A Drone and its Digital Thread

A Drone and its Digital Thread

AFRL Summer Program
The United States Air Force’s Air Force Research Laboratory (AFRL) and their innovation partner, The Wright Brothers Institute (WBI), joined forces this past summer to sponsor an internship program, The Summer of Innovation – Digital Drone. The idea for this program stemmed from the AFRL Aerospace Systems Directorate’s desire to develop a program that could be used to train the directorate’s engineers in one of the Air Force’s major digital transformation initiatives.

In just a few short weeks, WBI designed the curriculum, lined up industry partners, and rounded up a team of about 25 STEM students – ranging from high school to graduate level. The main objective of this immersive summer internship was for students to discover the power and challenges of digital engineering principles and techniques – and to document it in a way that would provide a roadmap for doing the same within actual engineering environments. The group was tasked to take an off-the-shelf drone, create a system model from the existing manufacturer’s documentation, and apply new requirements for it to perform a search and rescue mission. This task was chosen deliberately because it represents a common scenario in the defense industry—reuse and repurpose of an existing complex system that was designed awhile back.

A Hands-on Experience with PLM
This summer program provided the interns with digital project management and engineering tools to develop and manage a drone. In conjunction with our partner, Anautics, Aras Innovator was implemented as the core solution for the program. It was the underlying platform that managed data from multiple sources and provided configuration management, version control, and workflow. Students were given a unique, hands-on opportunity to explore the flexibility, adaptability, and other benefits that a PLM solution offers in product innovation, design, development, and management.

The unique open architecture of the Aras platform enables integration with authoring tools and enterprise systems. For this project, the team was able to easily integrate with Magic Draw, Atlassian, and SOLIDWORKS. Bringing data from different disciplines together delivers cross-disciplinary collaboration and change management, and provides a broad, cohesive view of product data. The Aras platform was built on open design principles ensuring that the IT ecosystem will function optimally, and that teams can collaborate across the entire product lifecycle.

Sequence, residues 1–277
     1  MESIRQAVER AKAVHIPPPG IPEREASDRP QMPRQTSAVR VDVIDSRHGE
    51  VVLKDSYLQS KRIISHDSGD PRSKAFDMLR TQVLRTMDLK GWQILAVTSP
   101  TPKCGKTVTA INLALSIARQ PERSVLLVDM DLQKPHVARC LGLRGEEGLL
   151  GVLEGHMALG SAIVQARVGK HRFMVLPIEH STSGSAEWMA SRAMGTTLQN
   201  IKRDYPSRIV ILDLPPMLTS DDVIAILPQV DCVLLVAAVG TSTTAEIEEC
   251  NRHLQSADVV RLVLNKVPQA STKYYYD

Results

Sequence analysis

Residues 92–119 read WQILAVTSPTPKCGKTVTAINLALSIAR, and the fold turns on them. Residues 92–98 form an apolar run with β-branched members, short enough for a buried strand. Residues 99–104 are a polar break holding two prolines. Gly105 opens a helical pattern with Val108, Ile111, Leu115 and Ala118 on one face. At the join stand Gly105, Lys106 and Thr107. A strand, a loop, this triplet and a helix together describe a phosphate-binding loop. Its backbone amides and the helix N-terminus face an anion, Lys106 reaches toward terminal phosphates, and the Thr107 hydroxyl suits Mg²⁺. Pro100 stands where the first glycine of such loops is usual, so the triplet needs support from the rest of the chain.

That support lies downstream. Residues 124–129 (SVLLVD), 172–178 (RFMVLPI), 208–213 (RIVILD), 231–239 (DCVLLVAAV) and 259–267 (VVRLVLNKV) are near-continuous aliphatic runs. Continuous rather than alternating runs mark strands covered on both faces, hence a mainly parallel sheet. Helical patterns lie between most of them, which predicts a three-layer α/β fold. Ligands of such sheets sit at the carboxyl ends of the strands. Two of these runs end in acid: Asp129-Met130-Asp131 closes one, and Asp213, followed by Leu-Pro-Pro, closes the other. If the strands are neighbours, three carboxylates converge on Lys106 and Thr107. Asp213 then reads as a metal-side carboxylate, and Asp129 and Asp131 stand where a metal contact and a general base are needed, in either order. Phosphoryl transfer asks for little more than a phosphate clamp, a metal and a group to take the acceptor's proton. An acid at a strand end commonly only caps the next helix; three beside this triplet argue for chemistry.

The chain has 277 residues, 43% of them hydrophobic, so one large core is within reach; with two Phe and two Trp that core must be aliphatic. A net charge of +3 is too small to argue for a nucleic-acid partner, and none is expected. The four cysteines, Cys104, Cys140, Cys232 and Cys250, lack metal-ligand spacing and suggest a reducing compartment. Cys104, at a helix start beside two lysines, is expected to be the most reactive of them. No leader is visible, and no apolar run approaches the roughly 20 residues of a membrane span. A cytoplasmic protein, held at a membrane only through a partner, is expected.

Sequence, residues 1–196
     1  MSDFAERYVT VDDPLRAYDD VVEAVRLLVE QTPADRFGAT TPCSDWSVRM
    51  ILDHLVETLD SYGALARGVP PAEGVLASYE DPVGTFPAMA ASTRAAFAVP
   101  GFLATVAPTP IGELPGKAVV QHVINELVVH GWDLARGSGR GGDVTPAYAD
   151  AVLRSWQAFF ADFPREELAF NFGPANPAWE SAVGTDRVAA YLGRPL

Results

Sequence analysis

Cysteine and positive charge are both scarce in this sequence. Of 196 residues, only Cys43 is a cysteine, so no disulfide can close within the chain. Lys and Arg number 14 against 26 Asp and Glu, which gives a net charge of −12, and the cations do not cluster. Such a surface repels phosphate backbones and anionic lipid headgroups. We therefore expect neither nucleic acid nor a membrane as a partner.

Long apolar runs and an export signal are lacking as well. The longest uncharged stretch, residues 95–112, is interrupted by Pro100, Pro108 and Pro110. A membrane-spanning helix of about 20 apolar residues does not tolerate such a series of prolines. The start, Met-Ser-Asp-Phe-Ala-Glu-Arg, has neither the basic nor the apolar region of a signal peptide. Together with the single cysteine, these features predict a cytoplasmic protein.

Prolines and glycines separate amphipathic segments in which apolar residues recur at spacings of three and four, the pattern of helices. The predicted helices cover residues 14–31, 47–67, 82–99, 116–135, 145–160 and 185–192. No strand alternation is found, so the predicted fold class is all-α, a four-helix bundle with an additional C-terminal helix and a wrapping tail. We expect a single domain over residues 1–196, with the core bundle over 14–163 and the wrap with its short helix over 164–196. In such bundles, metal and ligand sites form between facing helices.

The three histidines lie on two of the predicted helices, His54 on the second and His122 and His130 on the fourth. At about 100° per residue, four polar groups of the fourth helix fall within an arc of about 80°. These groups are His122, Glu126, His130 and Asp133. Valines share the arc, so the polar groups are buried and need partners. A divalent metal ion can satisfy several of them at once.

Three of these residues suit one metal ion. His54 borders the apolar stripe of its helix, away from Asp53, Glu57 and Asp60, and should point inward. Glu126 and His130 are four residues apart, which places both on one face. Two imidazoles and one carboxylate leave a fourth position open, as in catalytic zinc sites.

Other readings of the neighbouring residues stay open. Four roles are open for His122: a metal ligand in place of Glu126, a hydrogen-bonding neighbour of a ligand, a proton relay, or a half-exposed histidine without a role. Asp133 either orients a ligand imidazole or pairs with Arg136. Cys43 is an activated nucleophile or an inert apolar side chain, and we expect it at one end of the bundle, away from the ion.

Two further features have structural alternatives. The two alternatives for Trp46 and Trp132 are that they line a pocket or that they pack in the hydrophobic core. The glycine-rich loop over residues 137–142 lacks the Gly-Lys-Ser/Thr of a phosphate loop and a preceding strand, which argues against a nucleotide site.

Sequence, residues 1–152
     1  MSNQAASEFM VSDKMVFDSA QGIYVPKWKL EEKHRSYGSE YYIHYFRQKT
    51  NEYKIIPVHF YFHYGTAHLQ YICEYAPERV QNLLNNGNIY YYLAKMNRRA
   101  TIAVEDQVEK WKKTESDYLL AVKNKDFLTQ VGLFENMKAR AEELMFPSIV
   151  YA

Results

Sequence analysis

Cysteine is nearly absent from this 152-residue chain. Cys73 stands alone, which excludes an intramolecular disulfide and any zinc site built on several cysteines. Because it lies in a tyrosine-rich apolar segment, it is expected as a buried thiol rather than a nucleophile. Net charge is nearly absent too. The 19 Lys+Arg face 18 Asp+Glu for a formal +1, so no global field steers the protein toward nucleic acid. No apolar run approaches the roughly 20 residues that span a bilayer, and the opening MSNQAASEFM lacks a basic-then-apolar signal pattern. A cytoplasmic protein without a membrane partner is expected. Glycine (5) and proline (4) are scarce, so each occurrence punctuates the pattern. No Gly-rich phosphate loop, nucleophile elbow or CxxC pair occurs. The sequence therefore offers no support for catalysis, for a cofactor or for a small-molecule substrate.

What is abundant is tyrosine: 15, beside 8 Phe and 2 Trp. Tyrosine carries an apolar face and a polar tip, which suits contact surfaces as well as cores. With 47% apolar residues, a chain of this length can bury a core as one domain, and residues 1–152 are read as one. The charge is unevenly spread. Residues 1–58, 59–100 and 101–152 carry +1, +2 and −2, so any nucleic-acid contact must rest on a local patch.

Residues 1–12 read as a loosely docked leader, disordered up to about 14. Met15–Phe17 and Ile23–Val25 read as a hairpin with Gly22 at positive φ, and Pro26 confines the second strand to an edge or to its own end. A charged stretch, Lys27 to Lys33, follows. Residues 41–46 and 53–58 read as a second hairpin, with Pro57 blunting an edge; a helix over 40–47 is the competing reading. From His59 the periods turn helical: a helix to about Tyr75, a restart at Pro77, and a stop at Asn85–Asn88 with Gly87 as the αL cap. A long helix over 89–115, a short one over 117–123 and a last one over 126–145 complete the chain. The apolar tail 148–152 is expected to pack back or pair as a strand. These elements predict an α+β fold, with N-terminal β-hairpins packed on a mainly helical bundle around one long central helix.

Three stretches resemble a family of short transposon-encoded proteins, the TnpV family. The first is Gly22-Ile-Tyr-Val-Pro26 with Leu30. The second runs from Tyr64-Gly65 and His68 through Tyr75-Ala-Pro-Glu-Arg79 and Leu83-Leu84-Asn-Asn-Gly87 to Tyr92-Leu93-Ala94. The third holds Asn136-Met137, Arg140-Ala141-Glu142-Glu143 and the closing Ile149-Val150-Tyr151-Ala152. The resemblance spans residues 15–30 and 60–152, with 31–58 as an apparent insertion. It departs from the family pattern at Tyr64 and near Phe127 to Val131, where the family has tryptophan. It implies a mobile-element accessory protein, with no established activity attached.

Although this group was not able to do any real testing due to clearance requirements, they put together a successful demo showing how to pull on the drone’s digital thread. Whether it was recreating decision threads, highlighting which tools were used, showing what meetings were had, or showcasing what products were built, the purpose of the demo was to show how the team could pull on any one of those digital threads. Through integrated tools, the team had enough CAD data, configuration management data, and software data in one environment that they could demonstrate how a single change would affect the entire system. This was something that had been talked about before, but not demonstrated. After all the effort to reverse engineer a drone, it was a great success to demonstrate a digital thread in action.

Not only was Aras Innovator implemented as the core solution, but the group utilized the platform to develop training materials, documents, and videos that others can reference to understand the process. It is extremely valuable to have the ability to connect training materials and documents with the design data of the project because it enables an understanding of the bigger picture.

Developing the Workforce of the Future
While the ultimate goal of this summer program was to discover the power and challenges of digital engineering principles and techniques, this program was able to accomplish several things. First, it provided an amazing work opportunity for STEM students. These students were able to work on a project related to defense (which is oftentimes difficult), they were given hands-on exposure to a PLM solution which will help them transition to the professional workforce, and they were able to interact and build relationships with workers in the defense industry. Second, this project quickly closed the engineering gap. A group of STEM students were pulled together on a tight timeline to find a solution to an engineering problem in about four months. In a traditional contract setting, that could have taken anywhere from 18-24 months. Finally, this was an opportunity for the AFRL to begin recruiting the next generation of engineers to support next generation capabilities.

Although this was originally meant to be a summer program, it was so successful AFRL wants to keep it going and make it part of the curriculum at the Air Force Institute of Technology (AFIT). More details are to come, but we are excited to support in any way that we can!